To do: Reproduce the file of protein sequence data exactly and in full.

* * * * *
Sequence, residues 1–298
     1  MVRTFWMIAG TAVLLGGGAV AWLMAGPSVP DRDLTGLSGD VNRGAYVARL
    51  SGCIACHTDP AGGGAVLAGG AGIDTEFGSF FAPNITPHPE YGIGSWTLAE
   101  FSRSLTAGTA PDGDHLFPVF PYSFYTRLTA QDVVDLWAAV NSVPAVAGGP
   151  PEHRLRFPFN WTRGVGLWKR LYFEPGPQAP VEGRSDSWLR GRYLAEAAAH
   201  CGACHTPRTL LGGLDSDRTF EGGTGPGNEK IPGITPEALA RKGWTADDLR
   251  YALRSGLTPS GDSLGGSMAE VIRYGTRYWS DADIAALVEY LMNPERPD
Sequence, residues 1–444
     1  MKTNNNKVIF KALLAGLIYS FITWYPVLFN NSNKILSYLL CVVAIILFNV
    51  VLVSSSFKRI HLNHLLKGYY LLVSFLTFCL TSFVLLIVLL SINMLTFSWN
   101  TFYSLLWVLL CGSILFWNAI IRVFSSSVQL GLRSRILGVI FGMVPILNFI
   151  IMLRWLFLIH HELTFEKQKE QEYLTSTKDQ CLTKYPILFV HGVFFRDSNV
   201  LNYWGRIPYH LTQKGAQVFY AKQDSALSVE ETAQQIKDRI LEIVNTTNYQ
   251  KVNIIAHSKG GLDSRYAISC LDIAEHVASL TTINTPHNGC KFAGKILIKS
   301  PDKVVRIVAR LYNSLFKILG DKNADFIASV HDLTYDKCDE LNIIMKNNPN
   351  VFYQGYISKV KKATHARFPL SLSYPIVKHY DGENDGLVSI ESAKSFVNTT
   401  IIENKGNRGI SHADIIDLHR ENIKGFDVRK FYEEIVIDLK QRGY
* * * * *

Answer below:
Sequence, residues 1–298
     1  MVRTFWMIAG TAVLLGGGAV AWLMAGPSVP DRDLTGLSGD VNRGAYVARL
    51  SGCIACHTDP AGGGAVLAGG AGIDTEFGSF FAPNITPHPE YGIGSWTLAE
   101  FSRSLTAGTA PDGDHLFPVF PYSFYTRLTA QDVVDLWAAV NSVPAVAGGP
   151  PEHRLRFPFN WTRGVGLWKR LYFEPGPQAP VEGRSDSWLR GRYLAEAAAH
   201  CGACHTPRTL LGGLDSDRTF EGGTGPGNEK IPGITPEALA RKGWTADDLR
   251  YALRSGLTPS GDSLGGSMAE VIRYGTRYWS DADIAALVEY LMNPERPD
Sequence, residues 1–444
     1  MKTNNNKVIF KALLAGLIYS FITWYPVLFN NSNKILSYLL CVVAIILFNV
    51  VLVSSSFKRI HLNHLLKGYY LLVSFLTFCL TSFVLLIVLL SINMLTFSWN
   101  TFYSLLWVLL CGSILFWNAI IRVFSSSVQL GLRSRILGVI FGMVPILNFI
   151  IMLRWLFLIH HELTFEKQKE QEYLTSTKDQ CLTKYPILFV HGVFFRDSNV
   201  LNYWGRIPYH LTQKGAQVFY AKQDSALSVE ETAQQIKDRI LEIVNTTNYQ
   251  KVNIIAHSKG GLDSRYAISC LDIAEHVASL TTINTPHNGC KFAGKILIKS
   301  PDKVVRIVAR LYNSLFKILG DKNADFIASV HDLTYDKCDE LNIIMKNNPN
   351  VFYQGYISKV KKATHARFPL SLSYPIVKHY DGENDGLVSI ESAKSFVNTT
   401  IIENKGNRGI SHADIIDLHR ENIKGFDVRK FYEEIVIDLK QRGY